Michelle Bachelet expresses concern over death of Stan Swamy
All 15 co-accused in the Bhima Koregaon case should be released pending trial, said the United Nations Human Rights chief Michelle Bachelet on Tuesday, as she expressed concern over the death of 84-year-old Jesuit priest and tribal activist Stan Swamy in custody.
The statement from the Office of the High Commissioner for Human Rights (OHCHR), which follows similar concerns from the U.N. Special Rapporteur on Human Rights Defenders and the European Union (E.U.) Human Rights Chief on Monday, said Ms. Bachelet was ‘disturbed’ and ‘saddened’ by the news of Swamy’s death, and called on the Indian government “to ensure that no one is detained for exercising their fundamental rights to freedom of expression, of peaceful assembly and of association”.
“High Commissioner Michelle Bachelet and the U.N.’s independent experts have repeatedly raised the cases of Father Stan and 15 other human rights defenders associated with the same events with the government of India over the past three years and urged their release from pre-trial detention,” said the statement issued by the OHCHR spokesperson.
“The High Commissioner has also raised concerns over the use of the UAPA in relation to human rights defenders, a law Father Stan was challenging before Indian courts days before he died,” the rights agency said, making a particular mention of the Unlawful Activities (Prevention) Act (UAPA), that allows authorities to detain suspects without charging them, and allows courts to hold them without bail.
Swamy had been arrested in October 2020 under the UAPA by the National Investigation Agency (NIA) and was held along with several others for alleged involvement in violence at a rally in 2018 in Bhima Koregaon as well as for links with Maoist groups, which he denied. Last Saturday, Swamy, who was also fighting for bail and for amenities in court, had challenged the constitutional validity of Section 43D(5) of the UAPA over its ‘illusory’ bail provisions.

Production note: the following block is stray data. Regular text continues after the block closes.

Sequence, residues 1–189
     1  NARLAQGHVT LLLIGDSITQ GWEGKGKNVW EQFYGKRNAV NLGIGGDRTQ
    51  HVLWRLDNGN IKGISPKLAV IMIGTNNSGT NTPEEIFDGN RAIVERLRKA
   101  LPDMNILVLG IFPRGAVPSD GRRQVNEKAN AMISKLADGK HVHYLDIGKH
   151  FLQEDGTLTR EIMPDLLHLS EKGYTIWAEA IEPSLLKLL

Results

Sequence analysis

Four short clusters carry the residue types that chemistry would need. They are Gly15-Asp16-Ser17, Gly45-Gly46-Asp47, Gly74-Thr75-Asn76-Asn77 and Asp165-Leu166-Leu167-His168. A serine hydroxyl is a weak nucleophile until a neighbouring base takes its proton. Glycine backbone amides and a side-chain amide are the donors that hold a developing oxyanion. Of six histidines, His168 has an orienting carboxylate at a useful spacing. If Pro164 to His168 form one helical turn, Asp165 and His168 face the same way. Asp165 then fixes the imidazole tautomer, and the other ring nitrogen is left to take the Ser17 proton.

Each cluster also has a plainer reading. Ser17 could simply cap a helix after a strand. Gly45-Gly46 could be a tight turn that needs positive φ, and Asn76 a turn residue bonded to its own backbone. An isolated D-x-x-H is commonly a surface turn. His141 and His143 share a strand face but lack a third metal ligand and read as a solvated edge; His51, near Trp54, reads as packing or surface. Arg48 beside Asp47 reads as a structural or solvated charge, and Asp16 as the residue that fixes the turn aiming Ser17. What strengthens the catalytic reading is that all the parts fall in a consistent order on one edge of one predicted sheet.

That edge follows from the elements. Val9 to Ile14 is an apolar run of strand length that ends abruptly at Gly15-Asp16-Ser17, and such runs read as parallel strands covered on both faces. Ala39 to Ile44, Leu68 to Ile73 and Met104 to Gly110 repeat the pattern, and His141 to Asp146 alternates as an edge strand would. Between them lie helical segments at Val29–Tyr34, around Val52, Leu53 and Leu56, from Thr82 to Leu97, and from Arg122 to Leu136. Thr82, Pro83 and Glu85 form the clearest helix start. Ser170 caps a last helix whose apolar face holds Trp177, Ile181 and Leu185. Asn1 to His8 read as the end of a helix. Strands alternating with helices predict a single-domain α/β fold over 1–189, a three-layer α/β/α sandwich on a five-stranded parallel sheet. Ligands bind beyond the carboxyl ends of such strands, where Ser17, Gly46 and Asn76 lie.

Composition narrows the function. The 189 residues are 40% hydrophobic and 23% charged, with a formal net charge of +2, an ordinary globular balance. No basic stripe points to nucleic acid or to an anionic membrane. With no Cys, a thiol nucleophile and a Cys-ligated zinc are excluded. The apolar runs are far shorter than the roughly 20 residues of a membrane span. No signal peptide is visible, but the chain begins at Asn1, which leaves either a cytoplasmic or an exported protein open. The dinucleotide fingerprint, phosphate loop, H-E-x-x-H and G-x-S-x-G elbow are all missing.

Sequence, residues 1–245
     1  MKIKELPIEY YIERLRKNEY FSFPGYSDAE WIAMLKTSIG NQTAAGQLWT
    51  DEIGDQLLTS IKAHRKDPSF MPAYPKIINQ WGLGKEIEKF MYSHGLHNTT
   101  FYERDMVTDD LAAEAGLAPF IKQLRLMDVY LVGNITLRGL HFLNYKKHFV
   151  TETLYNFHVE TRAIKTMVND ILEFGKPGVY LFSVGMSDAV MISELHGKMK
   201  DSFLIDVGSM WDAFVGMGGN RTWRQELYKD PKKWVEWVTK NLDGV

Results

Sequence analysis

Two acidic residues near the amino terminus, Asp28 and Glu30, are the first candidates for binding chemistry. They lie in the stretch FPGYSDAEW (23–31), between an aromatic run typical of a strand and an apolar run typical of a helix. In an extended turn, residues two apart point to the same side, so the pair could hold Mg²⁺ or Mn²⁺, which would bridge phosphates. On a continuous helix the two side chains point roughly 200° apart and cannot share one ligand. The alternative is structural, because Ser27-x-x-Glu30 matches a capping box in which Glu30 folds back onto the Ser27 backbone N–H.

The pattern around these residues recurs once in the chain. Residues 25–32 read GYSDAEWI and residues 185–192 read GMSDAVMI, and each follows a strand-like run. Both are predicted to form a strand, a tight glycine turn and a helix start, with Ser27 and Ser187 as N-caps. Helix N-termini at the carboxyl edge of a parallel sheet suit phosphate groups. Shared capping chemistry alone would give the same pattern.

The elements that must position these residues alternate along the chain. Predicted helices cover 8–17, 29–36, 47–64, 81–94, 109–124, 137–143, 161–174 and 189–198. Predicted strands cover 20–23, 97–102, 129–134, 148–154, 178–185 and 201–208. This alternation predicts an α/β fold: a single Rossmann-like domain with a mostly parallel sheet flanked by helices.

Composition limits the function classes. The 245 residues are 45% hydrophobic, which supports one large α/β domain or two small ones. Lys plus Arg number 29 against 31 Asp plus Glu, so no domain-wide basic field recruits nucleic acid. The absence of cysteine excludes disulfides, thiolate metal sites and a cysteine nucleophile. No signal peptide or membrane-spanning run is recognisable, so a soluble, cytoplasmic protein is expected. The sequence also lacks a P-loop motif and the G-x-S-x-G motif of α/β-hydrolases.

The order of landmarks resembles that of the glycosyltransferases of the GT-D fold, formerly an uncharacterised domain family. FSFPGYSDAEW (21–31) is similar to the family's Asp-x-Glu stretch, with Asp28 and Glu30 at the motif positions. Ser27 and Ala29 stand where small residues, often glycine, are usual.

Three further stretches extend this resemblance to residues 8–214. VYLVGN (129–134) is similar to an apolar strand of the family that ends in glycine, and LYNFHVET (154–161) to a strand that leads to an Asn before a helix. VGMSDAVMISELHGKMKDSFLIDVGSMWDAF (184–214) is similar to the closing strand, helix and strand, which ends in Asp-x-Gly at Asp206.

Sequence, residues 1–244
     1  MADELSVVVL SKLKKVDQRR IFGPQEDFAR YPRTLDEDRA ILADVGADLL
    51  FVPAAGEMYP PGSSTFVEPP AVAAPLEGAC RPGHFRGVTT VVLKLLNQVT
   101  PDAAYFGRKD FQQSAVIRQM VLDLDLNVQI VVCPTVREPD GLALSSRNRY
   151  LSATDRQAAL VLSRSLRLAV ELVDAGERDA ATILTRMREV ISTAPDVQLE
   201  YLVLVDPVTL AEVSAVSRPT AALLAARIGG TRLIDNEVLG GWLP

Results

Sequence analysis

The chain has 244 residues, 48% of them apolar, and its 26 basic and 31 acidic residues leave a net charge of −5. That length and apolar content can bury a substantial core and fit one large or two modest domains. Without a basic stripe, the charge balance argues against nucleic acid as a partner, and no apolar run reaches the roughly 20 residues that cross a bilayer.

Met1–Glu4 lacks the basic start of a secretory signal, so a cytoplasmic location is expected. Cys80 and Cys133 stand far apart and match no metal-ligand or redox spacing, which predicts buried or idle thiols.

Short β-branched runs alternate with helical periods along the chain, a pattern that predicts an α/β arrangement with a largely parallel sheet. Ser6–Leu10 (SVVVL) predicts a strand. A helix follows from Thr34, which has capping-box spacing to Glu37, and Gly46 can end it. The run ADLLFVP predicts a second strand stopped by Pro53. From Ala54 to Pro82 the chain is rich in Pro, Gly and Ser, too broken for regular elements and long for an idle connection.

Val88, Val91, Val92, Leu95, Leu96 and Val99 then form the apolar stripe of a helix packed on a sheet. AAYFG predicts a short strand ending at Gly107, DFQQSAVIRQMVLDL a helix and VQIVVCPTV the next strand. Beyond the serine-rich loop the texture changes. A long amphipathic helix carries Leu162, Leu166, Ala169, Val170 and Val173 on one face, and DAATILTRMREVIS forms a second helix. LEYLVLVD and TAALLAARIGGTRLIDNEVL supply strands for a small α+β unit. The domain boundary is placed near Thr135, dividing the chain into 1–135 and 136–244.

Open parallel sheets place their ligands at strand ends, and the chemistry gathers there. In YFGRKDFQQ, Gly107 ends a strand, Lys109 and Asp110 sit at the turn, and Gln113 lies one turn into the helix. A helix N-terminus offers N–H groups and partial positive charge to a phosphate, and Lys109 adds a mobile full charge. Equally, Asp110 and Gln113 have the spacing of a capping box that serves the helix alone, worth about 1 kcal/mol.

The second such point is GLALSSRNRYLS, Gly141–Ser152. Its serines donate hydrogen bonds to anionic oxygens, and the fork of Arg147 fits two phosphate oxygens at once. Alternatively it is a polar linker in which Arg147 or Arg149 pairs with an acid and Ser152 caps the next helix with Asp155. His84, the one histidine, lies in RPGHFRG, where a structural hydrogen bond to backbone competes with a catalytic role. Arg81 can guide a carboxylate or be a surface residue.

“In light of the continued, severe impact of the COVID-19 pandemic, it is even more urgent that States, including India, release every person detained without a sufficient legal basis, including those detained simply for expressing critical or dissenting views. This would be in line with the Indian judiciary’s calls to decongest the prisons,” the OHCHR statement said.
Several international human rights agencies have expressed concern over the custodial death of Swamy and his treatment at the Taloja Jail, where he was kept despite suffering from the debilitating Parkinson’s disease, and was shifted to hospital only on May 29 this year. His interim bail hearing was in progress in the Bombay High Court on Monday when news of his death was announced.
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